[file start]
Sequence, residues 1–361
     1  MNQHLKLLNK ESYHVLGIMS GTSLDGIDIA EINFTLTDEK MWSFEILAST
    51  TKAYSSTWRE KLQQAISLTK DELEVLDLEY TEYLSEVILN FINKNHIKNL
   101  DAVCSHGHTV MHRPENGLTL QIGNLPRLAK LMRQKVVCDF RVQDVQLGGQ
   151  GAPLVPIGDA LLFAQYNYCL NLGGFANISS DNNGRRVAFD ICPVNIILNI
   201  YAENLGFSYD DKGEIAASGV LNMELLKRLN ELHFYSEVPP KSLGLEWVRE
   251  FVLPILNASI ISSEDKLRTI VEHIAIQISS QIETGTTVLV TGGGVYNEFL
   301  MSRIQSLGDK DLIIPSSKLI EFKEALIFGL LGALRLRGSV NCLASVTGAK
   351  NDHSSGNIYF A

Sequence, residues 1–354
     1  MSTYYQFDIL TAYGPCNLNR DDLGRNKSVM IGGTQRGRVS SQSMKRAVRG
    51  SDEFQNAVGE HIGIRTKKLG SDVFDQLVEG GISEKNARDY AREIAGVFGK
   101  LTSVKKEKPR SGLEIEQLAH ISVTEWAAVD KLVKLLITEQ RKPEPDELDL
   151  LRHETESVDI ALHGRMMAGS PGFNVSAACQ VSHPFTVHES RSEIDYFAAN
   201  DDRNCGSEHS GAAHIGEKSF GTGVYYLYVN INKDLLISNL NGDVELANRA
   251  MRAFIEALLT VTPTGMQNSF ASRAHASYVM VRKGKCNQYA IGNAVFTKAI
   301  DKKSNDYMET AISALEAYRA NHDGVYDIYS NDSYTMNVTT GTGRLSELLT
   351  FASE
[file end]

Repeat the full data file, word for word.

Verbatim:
Sequence, residues 1–361
     1  MNQHLKLLNK ESYHVLGIMS GTSLDGIDIA EINFTLTDEK MWSFEILAST
    51  TKAYSSTWRE KLQQAISLTK DELEVLDLEY TEYLSEVILN FINKNHIKNL
   101  DAVCSHGHTV MHRPENGLTL QIGNLPRLAK LMRQKVVCDF RVQDVQLGGQ
   151  GAPLVPIGDA LLFAQYNYCL NLGGFANISS DNNGRRVAFD ICPVNIILNI
   201  YAENLGFSYD DKGEIAASGV LNMELLKRLN ELHFYSEVPP KSLGLEWVRE
   251  FVLPILNASI ISSEDKLRTI VEHIAIQISS QIETGTTVLV TGGGVYNEFL
   301  MSRIQSLGDK DLIIPSSKLI EFKEALIFGL LGALRLRGSV NCLASVTGAK
   351  NDHSSGNIYF A

Sequence, residues 1–354
     1  MSTYYQFDIL TAYGPCNLNR DDLGRNKSVM IGGTQRGRVS SQSMKRAVRG
    51  SDEFQNAVGE HIGIRTKKLG SDVFDQLVEG GISEKNARDY AREIAGVFGK
   101  LTSVKKEKPR SGLEIEQLAH ISVTEWAAVD KLVKLLITEQ RKPEPDELDL
   151  LRHETESVDI ALHGRMMAGS PGFNVSAACQ VSHPFTVHES RSEIDYFAAN
   201  DDRNCGSEHS GAAHIGEKSF GTGVYYLYVN INKDLLISNL NGDVELANRA
   251  MRAFIEALLT VTPTGMQNSF ASRAHASYVM VRKGKCNQYA IGNAVFTKAI
   301  DKKSNDYMET AISALEAYRA NHDGVYDIYS NDSYTMNVTT GTGRLSELLT
   351  FASE